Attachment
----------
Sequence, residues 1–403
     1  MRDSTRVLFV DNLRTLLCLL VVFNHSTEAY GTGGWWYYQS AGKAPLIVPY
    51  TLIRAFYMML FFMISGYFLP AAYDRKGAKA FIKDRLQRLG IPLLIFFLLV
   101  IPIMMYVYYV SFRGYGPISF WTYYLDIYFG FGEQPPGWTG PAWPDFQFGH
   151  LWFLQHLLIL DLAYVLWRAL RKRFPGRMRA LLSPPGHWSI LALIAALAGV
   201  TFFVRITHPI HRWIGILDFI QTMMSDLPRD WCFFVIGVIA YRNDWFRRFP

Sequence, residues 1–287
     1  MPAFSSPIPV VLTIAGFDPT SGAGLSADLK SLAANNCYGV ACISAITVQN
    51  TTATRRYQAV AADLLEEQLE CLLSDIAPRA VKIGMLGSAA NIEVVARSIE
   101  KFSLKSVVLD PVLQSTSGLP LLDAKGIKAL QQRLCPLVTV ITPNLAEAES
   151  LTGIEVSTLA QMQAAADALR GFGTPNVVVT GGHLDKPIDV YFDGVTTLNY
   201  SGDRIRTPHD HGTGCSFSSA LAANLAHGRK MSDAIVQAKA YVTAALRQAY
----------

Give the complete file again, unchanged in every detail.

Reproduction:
Sequence, residues 1–403
     1  MRDSTRVLFV DNLRTLLCLL VVFNHSTEAY GTGGWWYYQS AGKAPLIVPY
    51  TLIRAFYMML FFMISGYFLP AAYDRKGAKA FIKDRLQRLG IPLLIFFLLV
   101  IPIMMYVYYV SFRGYGPISF WTYYLDIYFG FGEQPPGWTG PAWPDFQFGH
   151  LWFLQHLLIL DLAYVLWRAL RKRFPGRMRA LLSPPGHWSI LALIAALAGV
   201  TFFVRITHPI HRWIGILDFI QTMMSDLPRD WCFFVIGVIA YRNDWFRRFP

Sequence, residues 1–287
     1  MPAFSSPIPV VLTIAGFDPT SGAGLSADLK SLAANNCYGV ACISAITVQN
    51  TTATRRYQAV AADLLEEQLE CLLSDIAPRA VKIGMLGSAA NIEVVARSIE
   101  KFSLKSVVLD PVLQSTSGLP LLDAKGIKAL QQRLCPLVTV ITPNLAEAES
   151  LTGIEVSTLA QMQAAADALR GFGTPNVVVT GGHLDKPIDV YFDGVTTLNY
   201  SGDRIRTPHD HGTGCSFSSA LAANLAHGRK MSDAIVQAKA YVTAALRQAY